Earning more? Upper-income taxpayers get an unwelcome bump
Some well-to-do taxpayers won't be thrilled when they're hit with extra tax increases — which can add hundreds or thousands of dollars to the bill.
We're talking about higher tax rates for upper-income taxpayers, as well as a higher capital gains tax rate and a new investment surtax that was included in the Affordable Care Act.
“Between the increased tax brackets that went into effect in 2013, and the new 3.8 percent Medicare surtax on net investment income, many upper-income taxpayers are seeing a significant bump in their taxes,” said Patricia Bojanic, certified public accountant and tax partner at Gordon Advisors in Troy, Mich.
“It's made tax and investment planning that much more important,” Bojanic said.
Some higher-income households, she said, could end up paying a 24 percent increase or more in the taxes on their investment income.
Now, some taxpayers could be subject to an extra tax on net investment income. Investment income includes interest, dividends, royalties, rents, capital gains and passive activity income.
More people could be talking about the 3.8 percent surtax this season because of the relatively lower income threshold, said Bernie Kent, chairman of Schechter Investment Advisors in Birmingham, Mich.
“This is the one new tax that applies to the most people,” said Kent, who has worked more than 40 years with high-net worth individuals and families.
The 3.8 percent surtax would apply to married couples when modified adjusted gross income exceeds $250,000 if filing jointly, and singles when modified adjusted gross income exceeds $200,000. The surtax would apply to married couples filing separately who individually earn more than $125,000.
On top of that, an added Medicare tax of 0.9 percent on gross income from wages and self-employment would be imposed on taxpayers earning more than $200,000 single or $250,000 for joint filers, too.
Alan Semonian, certified public accountant at Ameritax Plus in Berkley, Mich., said some higher-income households this season are getting hit by the 3.8 percent surtax after receiving significant capital gains distributions from mutual funds.
Mutual funds that aren't in tax-sheltered accounts, such as IRAs or 401(k)s, are required to pass profits from capital gains, interest or dividends to individual investors. You'd owe tax on that distribution, even if you did not sell off your shares in the fund.
For those with even higher incomes, more tax hits are taking place this year.
The highest tax rate jumps back to 39.6 percent for taxable income more than $400,000 for singles and more than $450,000 for married couples. That's up from 35 percent.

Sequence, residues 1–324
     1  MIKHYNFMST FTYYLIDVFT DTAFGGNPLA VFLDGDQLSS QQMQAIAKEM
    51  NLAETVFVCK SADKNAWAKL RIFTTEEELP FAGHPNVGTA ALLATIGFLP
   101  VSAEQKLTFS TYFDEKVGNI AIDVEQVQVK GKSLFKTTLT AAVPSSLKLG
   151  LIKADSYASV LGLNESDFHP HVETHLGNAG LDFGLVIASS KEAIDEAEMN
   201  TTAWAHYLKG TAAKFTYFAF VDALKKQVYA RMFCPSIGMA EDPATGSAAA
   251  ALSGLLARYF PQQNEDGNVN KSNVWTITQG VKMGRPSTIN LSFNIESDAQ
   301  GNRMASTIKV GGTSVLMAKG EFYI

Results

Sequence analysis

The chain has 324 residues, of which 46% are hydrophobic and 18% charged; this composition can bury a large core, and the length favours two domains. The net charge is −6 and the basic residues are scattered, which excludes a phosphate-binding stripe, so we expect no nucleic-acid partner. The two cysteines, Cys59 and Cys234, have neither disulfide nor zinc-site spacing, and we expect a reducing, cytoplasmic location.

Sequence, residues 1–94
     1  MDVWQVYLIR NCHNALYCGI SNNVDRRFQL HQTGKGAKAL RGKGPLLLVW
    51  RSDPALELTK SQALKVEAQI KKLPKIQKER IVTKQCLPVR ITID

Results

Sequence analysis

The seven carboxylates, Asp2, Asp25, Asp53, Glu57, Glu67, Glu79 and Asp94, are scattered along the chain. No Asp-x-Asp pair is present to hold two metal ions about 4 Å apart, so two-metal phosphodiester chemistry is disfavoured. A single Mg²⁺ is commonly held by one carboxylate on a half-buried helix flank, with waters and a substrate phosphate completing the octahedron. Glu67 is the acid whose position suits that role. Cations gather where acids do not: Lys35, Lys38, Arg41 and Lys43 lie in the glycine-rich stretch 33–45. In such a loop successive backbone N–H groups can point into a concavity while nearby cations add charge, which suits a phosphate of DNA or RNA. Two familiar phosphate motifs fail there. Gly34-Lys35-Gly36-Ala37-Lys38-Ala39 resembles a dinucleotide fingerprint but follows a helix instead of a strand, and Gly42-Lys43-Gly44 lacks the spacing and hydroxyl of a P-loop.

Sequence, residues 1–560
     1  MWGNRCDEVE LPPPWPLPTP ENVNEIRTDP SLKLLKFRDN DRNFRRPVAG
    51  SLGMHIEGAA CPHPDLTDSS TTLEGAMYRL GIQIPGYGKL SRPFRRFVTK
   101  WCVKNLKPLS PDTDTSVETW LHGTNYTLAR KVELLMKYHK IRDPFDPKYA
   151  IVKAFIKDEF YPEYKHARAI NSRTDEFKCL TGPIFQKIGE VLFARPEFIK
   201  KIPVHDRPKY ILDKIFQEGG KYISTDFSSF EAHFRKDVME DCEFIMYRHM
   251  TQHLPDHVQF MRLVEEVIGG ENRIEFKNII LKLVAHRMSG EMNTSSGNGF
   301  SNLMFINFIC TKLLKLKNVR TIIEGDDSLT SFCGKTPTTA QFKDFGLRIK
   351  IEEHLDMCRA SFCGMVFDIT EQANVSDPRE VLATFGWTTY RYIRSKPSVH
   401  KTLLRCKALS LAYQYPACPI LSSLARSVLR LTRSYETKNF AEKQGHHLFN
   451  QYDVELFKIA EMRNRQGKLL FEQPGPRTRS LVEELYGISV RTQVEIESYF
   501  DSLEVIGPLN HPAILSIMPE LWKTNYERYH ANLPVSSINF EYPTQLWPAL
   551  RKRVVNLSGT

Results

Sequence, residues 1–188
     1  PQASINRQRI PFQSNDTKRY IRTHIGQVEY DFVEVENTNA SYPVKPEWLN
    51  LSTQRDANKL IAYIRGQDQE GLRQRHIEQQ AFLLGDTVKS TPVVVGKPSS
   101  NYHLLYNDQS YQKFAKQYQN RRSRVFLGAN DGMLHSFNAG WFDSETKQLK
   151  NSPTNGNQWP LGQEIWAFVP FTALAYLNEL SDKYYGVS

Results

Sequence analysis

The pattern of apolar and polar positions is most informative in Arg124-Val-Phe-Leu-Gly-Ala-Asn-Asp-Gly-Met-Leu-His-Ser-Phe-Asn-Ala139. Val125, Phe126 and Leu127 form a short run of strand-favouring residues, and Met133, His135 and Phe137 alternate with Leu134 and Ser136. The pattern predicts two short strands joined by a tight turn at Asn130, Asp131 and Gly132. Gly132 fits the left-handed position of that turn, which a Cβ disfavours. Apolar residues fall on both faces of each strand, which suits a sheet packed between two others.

Investors in the top bracket must pay 20 percent on long-term capital gains and dividends, instead of the 15 percent most others pay.
Susan Tompor is the personal finance columnist for the Detroit Free Press. She can be reached at firstname.lastname@example.org
Show commenting policy
TribLive commenting policy
You are solely responsible for your comments and by using TribLive.com you agree to our Terms of Service.
We moderate comments. Our goal is to provide substantive commentary for a general readership. By screening submissions, we provide a space where readers can share intelligent and informed commentary that enhances the quality of our news and information.
While most comments will be posted if they are on-topic and not abusive, moderating decisions are subjective. We will make them as carefully and consistently as we can. Because of the volume of reader comments, we cannot review individual moderation decisions with readers.
We value thoughtful comments representing a range of views that make their point quickly and politely. We make an effort to protect discussions from repeated comments either by the same reader or different readers.
We follow the same standards for taste as the daily newspaper. A few things we won't tolerate: personal attacks, obscenity, vulgarity, profanity (including expletives and letters followed by dashes), commercial promotion, impersonations, incoherence, proselytizing and SHOUTING. Don't include URLs to Web sites.
We do not edit comments. They are either approved or deleted. We reserve the right to edit a comment that is quoted or excerpted in an article. In this case, we may fix spelling and punctuation.
We welcome strong opinions and criticism of our work, but we don't want comments to become bogged down with discussions of our policies and we will moderate accordingly.
We appreciate it when readers and people quoted in articles or blog posts point out errors of fact or emphasis and will investigate all assertions. But these suggestions should be sent via e-mail. To avoid distracting other readers, we won't publish comments that suggest a correction. Instead, corrections will be made in a blog post or in an article.
- As banking goes mobile, branch closures rip through local economy
- 8th-grader gets venture capital for inexpensive Braille-printer
- Taxpayer clinics fill IRS void
- No more room on iPad? You’ll need to trim some of that fat
- Decoding mutual funds jargon
- Plus-size fashion bloggers recruited
- Cheap gas lets small business dream big
- Employers prepare for demographic shift
- Kennametal plans plant closings, job cuts in fallout from oil and gas decline
- Consol Energy posts $74M profit in fourth quarter
- Trib 30 stocks drop to 4-month low